Last week’s wolf and bear safari was an extremely successful weekend of wildlife watching throughout Grand Teton and Yellowstone National Parks. We were able to find many grizzly bears, black bears and a solitary gray wolf. Although these predators were the focus of this excursion, we also had great sightings of bighorn sheep, moose, river otters and many other birds and mammals.
I am always thinking about the relationships between humans and wildlife, and ended up thinking about patriotism as a result of seeing these American kestrels on today’s safari. Most of us would associate the bald eagle with the U.S.A. since it is our national symbol and they do look really cool and majestic.
Nonetheless, the American Kestrel is not only the only bird-of-prey with the word ‘America’ in it but also actually displays all of our red, white and blue colors. These little falcons are quite small and easily mistaken for a robin or other medium-sized bird, but are as deadly as any other raptor. The male (on the left) is a bit more colorful, but the female also has charismatic markings.
This month is outstanding for wildlife watching in general, but one of the highlights is the unique courtship behavior by our local sage grouse. Males and females gather in specific areas called leks, and the males work very hard to impress the female grouse by prancing around, raising their sharp tail feathers, beating their wings and inflating their yellow air sacs on their neck. Throughout this entire display they are vocalizing loudly with a voice that is unlike anything else in nature. We have seen this behavior several times on recent safaris and this image was taken earlier this week.
I’m also happy to report that the bald eagle nest on Spring Creek Ranch’s property remains active and the female was observed today laying low on her nest, likely incubating eggs. This nest has had varying success in fledgling eaglets in recent years, so we remain hopeful that it will be successful this year.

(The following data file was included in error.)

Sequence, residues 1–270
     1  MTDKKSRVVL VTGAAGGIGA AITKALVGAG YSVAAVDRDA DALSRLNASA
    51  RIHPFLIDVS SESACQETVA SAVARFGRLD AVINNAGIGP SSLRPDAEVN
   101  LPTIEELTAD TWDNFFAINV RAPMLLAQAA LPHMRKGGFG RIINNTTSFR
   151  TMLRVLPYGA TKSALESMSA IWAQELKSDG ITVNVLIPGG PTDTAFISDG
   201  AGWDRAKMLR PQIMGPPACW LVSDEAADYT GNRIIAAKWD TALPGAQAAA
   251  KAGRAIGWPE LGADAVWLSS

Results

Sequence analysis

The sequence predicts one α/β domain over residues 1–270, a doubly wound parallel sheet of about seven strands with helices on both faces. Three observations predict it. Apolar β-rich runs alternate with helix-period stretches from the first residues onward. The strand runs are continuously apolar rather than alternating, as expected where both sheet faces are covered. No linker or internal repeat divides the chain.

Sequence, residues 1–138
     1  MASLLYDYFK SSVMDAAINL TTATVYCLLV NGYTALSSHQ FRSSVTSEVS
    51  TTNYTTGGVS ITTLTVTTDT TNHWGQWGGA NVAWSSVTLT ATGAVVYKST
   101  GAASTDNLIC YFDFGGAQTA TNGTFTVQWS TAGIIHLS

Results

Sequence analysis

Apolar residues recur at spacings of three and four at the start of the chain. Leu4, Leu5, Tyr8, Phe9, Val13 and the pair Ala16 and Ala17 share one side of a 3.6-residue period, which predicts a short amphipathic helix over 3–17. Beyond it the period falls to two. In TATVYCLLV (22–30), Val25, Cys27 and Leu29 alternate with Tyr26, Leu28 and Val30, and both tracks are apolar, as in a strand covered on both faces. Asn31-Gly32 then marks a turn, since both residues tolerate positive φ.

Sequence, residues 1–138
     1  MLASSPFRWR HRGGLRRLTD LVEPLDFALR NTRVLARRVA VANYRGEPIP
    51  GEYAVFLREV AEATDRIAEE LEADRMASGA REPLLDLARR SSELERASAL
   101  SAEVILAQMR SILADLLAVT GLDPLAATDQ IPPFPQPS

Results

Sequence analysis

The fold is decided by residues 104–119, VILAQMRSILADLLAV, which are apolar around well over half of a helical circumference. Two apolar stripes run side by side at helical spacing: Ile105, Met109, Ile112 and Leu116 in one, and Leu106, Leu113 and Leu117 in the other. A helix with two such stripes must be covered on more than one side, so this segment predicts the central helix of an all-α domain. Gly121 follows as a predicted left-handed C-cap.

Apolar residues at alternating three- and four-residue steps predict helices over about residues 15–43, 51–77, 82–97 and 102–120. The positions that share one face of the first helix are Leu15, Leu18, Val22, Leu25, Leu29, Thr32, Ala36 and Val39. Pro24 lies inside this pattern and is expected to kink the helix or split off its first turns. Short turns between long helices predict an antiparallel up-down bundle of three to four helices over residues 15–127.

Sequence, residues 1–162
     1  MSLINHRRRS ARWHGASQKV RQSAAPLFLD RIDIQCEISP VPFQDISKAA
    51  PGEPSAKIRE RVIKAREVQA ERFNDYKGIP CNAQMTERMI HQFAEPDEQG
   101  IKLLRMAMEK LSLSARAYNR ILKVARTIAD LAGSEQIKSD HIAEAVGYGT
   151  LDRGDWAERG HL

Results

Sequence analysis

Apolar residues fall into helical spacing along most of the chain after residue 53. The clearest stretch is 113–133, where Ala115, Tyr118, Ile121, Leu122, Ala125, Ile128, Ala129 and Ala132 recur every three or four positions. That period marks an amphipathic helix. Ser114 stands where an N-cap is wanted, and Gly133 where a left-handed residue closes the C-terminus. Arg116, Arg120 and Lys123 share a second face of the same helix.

It is a relatively quiet time in Jackson Hole in terms of people but one of the best times to view wildlife. Ground squirrels have finally emerged from their long hibernation, migratory birds such as bluebirds, cranes, red-tail and Swainson’s Hawks have returned and the large hoofed mammals are on the move toward their Summer ranges.
Today, we watched a pair of coyotes chasing bighorn sheep, a porcupine foraging in an open meadow, and a northern shrike along with over a dozen moose, thousands of elk and mule deer. Elk and moose aren’t typically found in the same habitats but we were fortunate to observe both (the two largest members of the deer family) side by side as they browsed and migrated through Grand Teton National Park.
Lots of moose activity has been seen on recent safaris and this moose was particularly entertaining to watch as it eagerly browsed on a spruce tree. Spruce are probably not a moose’s favorite food, but long Winters limit available forage and require them to diversify their diet. Moose are often the highlight of a wildlife safari since they are so unique looking and seem to have a lot of personality. Signs of Spring continue to take place and today I saw my first Osprey which had returned to Jackson Hole after its long migration South (often as far away as South America).